Lubricants for vacuum service are a diverse family of highly formulated products. The types of lubricants for vacuum service fall into three general categories: (a) wet, organic or silicone-compound based oils and greases, (b) dry lubricants including PTFE (Teflon®) and metal dichalcogenide compounds (e.g. molybdenum disulfide, tungsten diselenide) and (c) metal on metal combinations.
The choice of lubricant depends on a number of considerations that are highly dependent on the specific end-use applications including:
- Operating temperature and vapor pressure
- The presence or absence of sliding or rolling motion
- The presence or absence of reactive species (e.g. plasma)
- Loading characteristics
- Frequency of usage
Lubricants are used in a vacuum system for three primary reasons: (1) in an “O” ring sealed system to help minimize externally applied forces on the ring material, (2) between moving surfaces to reduce the coefficient of friction, minimize wear and/or reduce/eliminate the formation of particular matter and (3) as anti-seizing agents where mating surfaces are likely to seize.
For the purpose of this discussion, we will turn our attention to “O” ring seals (Fig. 1), which are one of the most common type of mechanical connection used on vacuum furnaces. The seal arrangement typically consists of a groove or gland machined into the face of one of the flanges and an elastomeric (Buna N, Silicone, Teflon®) gasket material. Compressive forces exerted on the O-ring when the two flanges are tightened together squeeze the O-ring providing the seal. An extremely light coating of O-ring grease is applied to the O-ring, not to fill voids, but to allow the O-ring to move in the groove under the applied force to achieve the optimal position for a tight seal. A general rule of thumb with respect to O-ring grease is when you move your finger along the O-ring surface it will slide or glide unhindered with no appreciable amount of grease buildup. A thin coating is more than adequate and any application other than a light coating has no practical benefit, infact, it may be a detriment to good sealing!
Using a suitable grease or oil during assembly helps protect the O-ring from damage by abrasion, pinching, or cutting. It also helps to seat the O-ring properly, speeds up assembly operations, and makes automated assembly line procedures possible. An additional benefit is the protection that the lubricant provides as a surface film. Proper lubrication also helps protect some polymers from degradation by atmospheric elements such as ozone and its presence helps extend the service life of any O-ring. A lubricant is almost essential in pneumatic applications requiring dynamic service. In vacuum applications, appropriate lubricants help reduce the overall leak rate by filling the micro fine inclusions of the gland’s metal surfaces and lowering permeation rates of the elastomer.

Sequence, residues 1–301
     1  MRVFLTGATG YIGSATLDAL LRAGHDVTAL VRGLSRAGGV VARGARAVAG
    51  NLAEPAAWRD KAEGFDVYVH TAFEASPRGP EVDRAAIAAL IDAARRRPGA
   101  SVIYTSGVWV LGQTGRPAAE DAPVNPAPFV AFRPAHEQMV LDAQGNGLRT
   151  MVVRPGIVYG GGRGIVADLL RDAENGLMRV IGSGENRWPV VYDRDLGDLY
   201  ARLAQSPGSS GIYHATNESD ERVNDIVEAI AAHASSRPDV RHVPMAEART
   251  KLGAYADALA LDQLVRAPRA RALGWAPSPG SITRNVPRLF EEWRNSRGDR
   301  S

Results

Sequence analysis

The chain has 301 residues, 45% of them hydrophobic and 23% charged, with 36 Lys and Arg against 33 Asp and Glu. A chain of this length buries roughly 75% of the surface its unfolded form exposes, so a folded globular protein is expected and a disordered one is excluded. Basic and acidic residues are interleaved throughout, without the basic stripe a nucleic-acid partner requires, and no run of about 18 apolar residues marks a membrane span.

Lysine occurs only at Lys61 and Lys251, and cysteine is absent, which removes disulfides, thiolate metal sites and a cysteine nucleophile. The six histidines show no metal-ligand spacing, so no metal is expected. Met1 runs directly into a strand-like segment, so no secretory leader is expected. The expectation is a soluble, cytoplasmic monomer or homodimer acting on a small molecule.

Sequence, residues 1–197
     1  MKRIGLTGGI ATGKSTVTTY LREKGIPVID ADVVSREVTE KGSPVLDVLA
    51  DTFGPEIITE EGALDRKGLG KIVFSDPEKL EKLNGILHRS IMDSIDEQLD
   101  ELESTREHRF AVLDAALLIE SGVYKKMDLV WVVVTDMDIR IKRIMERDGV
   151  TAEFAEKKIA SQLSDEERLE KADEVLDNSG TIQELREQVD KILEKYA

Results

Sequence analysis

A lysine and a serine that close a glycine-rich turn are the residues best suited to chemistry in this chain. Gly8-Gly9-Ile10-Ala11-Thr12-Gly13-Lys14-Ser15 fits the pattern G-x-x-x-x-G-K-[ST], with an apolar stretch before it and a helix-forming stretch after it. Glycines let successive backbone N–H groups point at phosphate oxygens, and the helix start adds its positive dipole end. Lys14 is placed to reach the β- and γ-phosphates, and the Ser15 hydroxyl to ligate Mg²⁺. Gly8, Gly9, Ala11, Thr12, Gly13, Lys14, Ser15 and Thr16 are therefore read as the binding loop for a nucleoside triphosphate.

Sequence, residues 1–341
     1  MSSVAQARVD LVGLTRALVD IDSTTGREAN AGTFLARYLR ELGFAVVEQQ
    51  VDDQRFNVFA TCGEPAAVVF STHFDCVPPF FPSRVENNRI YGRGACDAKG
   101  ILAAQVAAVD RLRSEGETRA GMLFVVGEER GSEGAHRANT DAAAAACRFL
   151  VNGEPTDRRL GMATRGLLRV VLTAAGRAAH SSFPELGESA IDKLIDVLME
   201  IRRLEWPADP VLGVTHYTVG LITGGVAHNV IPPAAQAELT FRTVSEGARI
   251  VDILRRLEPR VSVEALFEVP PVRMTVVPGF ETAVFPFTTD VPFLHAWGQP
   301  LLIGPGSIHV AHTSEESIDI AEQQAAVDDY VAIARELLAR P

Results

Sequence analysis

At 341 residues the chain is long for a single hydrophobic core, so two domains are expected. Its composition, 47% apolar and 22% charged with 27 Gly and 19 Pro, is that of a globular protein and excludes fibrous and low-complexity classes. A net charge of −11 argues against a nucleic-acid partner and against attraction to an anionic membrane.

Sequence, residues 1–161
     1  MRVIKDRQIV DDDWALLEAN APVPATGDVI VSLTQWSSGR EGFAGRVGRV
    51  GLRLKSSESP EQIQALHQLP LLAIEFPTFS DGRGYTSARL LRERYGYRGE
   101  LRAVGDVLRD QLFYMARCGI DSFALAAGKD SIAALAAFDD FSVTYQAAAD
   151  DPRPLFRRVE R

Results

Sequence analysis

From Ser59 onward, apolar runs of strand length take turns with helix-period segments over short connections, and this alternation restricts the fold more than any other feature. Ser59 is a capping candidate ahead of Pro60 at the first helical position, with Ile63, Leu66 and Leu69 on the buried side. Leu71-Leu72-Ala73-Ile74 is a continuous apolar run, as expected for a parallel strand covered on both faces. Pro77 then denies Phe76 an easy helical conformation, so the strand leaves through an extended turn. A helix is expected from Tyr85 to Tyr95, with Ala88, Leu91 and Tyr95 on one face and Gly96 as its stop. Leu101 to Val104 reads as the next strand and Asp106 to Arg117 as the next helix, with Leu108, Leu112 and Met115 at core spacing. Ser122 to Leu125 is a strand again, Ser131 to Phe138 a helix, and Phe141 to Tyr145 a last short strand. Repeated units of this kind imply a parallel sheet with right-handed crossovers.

“Vacuum grease” is the generic term used in the heat-treating industry to describe the family of lubricants intended to help seal joints in vacuum systems (Fig. 2). These lubricants have low volatility important to prevent evaporation, which would make lowering the pressure (below their vapor pressure) difficult and also ensure that they remain present on the surface to provide lubrication.
Several companies supply special lubricants that have vapor pressure and lubricating properties that are engineered for vacuum system applications. Here is a brief overview of some of these products.
Dow Corning High Vacuum Grease (Fig. 3) is perhaps the most common product used in most vacuum heat treat shops. It is a silicone-based product, which is generally considered ideal for most high vacuum applications. The grease is uniform in consistency, firm but not rigid (i.e. soft but not runny) and can be used over a wide temperature (exposure) range. Important features of this high vacuum grease include its sealing ability, resistance to water, chemicals, temperature range (low and high) and low volatility. This grease can be used in most applications operating in the 10-5 to 10-6 Torr range and below (Table 1). The product has much higher stability at the higher end of the temperature range from -40° C to 200° C, than many other hydrocarbon greases. However, its initial room temperature pumpdown characteristics are not quite as good taking noticeably longer to out-gas.
For many years this product was designated as Dow Corning 976 or 976V High Vacuum Grease but the name has now been streamlined to just “Dow Corning High Vacuum Grease”.
Dow Corning High Vacuum Grease is not recommended for use when
- In contact with liquid oxygen. For these applications, Braycote high vacuum greases might be considered.
- With silicone elastomers. Here either the hydrocarbon-based Apiezon greases or the Braycote greases may be more suitable.
- On surfaces to be painted, since it will prevent a good adhesion between the paint coating and substrate. Virtually all greases will have a similar deleterious effect so there is no recommended substitute. If a surface is being prepared for a top coating, care must be taken to prevent contamination from any grease.
- As a lubricant in metal bearings. Either the hydrocarbon base Apiezon greases or the fluorocarbon based Braycote greases, may be appropriate depending on the temperature range and exposure to reactive chemicals.